Italian police foil plot to steal Ferrari founder's body

Police in Italy have foiled an attempt to steal the remains of the motor racing pioneer, Enzo Ferrari.

Ferrari, who established the eponymous car manufacturer in 1939, died aged 90 in 1988, and was buried in the family tomb in Modena, central Italy, not far from Ferrari's Maranello base.
A gang of thieves allegedly planned to steal the remains, then demand a ransom from the Ferrari family.

According to Sky News, the group of would-be criminals had already scouted out the tomb, arranged for someone to contact the family and found a place to store the body.

The scheme was discovered during a police investigation into the trafficking of weapons and drugs, which involved 34 arrest warrants and a number of raids. Police revealed the find during a press conference on the island of Sardinia, where the gang is said to have been based.

Enzo Ferrari is seen by many fans as one of the key figures in automotive history, having set up Ferrari first as a racing team, then a road car manufacturer.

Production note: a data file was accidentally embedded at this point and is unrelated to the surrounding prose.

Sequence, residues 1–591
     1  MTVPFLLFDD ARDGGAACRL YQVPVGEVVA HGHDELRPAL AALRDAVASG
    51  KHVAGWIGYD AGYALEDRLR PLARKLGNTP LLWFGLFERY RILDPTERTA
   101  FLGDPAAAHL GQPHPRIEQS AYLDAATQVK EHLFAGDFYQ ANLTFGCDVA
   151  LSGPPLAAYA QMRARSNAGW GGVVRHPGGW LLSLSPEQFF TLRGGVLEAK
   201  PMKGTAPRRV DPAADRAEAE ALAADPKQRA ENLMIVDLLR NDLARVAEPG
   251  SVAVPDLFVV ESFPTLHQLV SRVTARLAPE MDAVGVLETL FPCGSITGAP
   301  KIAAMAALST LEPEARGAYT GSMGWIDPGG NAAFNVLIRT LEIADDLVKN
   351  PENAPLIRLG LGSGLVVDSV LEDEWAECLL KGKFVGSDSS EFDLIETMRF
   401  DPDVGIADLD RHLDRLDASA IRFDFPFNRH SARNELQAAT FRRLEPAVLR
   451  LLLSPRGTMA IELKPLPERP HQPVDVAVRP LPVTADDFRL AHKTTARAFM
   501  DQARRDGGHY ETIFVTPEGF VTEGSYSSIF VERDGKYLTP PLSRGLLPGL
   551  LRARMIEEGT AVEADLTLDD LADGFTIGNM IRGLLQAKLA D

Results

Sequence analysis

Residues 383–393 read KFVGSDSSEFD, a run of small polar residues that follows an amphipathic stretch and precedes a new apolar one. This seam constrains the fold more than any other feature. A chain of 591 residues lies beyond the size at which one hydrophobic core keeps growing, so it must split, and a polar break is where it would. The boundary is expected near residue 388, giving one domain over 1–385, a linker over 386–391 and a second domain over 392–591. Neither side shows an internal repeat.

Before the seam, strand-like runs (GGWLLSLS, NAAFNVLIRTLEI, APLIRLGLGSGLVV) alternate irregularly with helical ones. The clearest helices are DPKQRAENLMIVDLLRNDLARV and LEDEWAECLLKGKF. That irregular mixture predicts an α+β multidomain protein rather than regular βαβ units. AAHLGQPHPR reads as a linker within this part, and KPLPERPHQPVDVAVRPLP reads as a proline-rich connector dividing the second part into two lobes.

He started out as a driver, racing Alfa Romeos. His late friend, the fighter pilot Francesco Baracca, had given him a prancing horse necklace before he died, and Ferrari used the emblem as a lucky charm ever since.

He masterminded iconic road cars such as the 365 GTB/4 Daytona and 250 GTO, although he is widely quoted as describing the Jaguar E-Type as the most beautiful car in the world. A film about his life is slated for release in 2018, with Hugh Jackman set to play the lead role.
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